BUY THIS BOOK FROM
buy from amazon
Genres :Fiction , Romance , Humor , Poetry
Published By : Evans Brothers
Published On : May 01, 2001
ISBN : 1842340433 (ISBN13: 9781842340431)
format :Paperback
Language :English
No. of pages :31
  • Copy


    “The fool doth think he is wise, but the wise man knows himself to be a fool.”
  • Copy


    “All the world's a stage,
    And all the men and women merely players;
    They have their exits and their entrances;
    And one man in his time plays many parts,
    His acts being seven ages.”
  • Copy


    “All the world's a stage,
    And all the men and women merely players;
    They have their exits and their entrances,
    And one man in his time plays many parts,
    His acts being seven ages. At first, the infant,
    Mewling and puking in the nurse's arms.
    Then the whining schoolboy, with his satchel
    And shining morning face, creeping like snail
    Unwillingly to school. And then the lover,
    Sighing like furnace, with a woeful ballad
    Made to his mistress' eyebrow. Then a soldier,
    Full of strange oaths and bearded like the pard,
    Jealous in honor, sudden and quick in quarrel,
    Seeking the bubble reputation
    Even in the cannon's mouth. And then the justice,
    In fair round belly with good capon lined,
    With eyes severe and beard of formal cut,
    Full of wise saws and modern instances;
    And so he plays his part. The sixth age shifts
    Into the lean and slippered pantaloon,
    With spectacles on nose and pouch on side;
    His youthful hose, well saved, a world too wide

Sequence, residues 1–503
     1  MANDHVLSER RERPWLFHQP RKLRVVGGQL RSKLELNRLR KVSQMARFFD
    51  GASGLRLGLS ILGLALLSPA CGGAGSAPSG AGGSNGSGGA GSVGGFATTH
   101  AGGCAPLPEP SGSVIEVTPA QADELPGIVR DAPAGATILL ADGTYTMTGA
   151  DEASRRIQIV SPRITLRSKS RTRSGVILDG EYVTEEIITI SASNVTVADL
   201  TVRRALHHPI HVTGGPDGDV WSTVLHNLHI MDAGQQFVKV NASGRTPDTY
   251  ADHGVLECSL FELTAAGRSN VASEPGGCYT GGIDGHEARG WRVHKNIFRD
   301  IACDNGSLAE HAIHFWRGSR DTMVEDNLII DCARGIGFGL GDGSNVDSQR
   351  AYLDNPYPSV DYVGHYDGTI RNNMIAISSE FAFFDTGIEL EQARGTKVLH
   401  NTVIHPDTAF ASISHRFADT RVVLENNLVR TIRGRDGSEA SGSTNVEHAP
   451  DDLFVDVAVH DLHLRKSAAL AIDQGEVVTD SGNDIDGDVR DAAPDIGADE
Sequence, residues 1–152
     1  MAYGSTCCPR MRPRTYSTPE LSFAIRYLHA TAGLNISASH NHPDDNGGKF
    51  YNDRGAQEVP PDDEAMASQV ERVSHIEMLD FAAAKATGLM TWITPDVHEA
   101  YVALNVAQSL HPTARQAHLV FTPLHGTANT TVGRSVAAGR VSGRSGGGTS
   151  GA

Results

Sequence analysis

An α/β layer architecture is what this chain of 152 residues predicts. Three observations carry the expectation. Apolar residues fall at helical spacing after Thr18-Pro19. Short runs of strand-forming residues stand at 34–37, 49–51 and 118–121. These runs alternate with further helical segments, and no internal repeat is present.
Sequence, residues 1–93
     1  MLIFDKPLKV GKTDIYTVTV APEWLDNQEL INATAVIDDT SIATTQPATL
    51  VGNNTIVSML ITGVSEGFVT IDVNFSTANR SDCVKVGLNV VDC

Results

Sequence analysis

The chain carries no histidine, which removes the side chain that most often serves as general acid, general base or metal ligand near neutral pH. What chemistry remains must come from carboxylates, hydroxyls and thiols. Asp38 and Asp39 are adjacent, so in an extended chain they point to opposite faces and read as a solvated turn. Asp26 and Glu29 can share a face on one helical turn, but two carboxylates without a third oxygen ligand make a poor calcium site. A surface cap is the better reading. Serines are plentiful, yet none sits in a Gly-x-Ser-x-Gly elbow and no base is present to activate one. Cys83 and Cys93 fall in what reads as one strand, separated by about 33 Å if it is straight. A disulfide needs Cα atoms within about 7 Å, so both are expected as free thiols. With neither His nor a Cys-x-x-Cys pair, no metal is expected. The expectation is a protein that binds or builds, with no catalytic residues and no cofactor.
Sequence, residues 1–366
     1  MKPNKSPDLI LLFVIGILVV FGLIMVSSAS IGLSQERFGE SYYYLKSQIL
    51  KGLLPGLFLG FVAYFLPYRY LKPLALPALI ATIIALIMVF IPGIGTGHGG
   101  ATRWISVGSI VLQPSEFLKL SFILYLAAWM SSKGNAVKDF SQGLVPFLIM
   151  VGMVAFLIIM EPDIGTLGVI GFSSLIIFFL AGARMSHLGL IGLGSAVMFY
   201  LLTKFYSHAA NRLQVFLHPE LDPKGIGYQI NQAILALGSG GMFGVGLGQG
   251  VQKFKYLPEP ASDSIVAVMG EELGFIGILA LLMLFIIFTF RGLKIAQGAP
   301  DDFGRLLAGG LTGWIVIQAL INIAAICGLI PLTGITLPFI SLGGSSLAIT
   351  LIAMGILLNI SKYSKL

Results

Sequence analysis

For his shrunk shank, and his big manly voice,
    Turning again toward childish treble, pipes
    And whistles in his sound. Last scene of all,
    That ends this strange eventful history,
    Is second childishness and mere oblivion,
    Sans teeth, sans eyes, sans taste, sans everything.”
  • Copy


    “I pray you, do not fall in love with me, for I am falser than vows made in wine.”
  • Copy


    “All the world's a stage.”
See all 37 quotes

Write a Review

  • From the minute that Lily Rabe stepped onto the stage of the Delacorte as Portia, in helmer Daniel Sullivan's wonderful 2010 production of "The Merchant of Venice," we all had visions of her as Rosalind in "As You Like It."

    Read full review
  • Several people were already asking for donations from a New York subway car's riders when a well-dressed man — who appeared to be a Wall Street stockbroker — chimed in with his sob story.

    Read full review
  • Walsh’s most bizarre choice is using a wooden puppet to portray Orlando’s aging servant Adam—a random idea that happens to work, as the puppet ends up being the anchor of the production’s most affecting scene.

    Read full review
  • Lending superb support are Rhodeen and Amy Judd Lieberman as additional players of the mating game, plus Tony Ambatemarco, Shann Dornhecker, Brian Joseph, Jantzen Baldeck and McKinley Belcher III in multiple roles.

    Read full review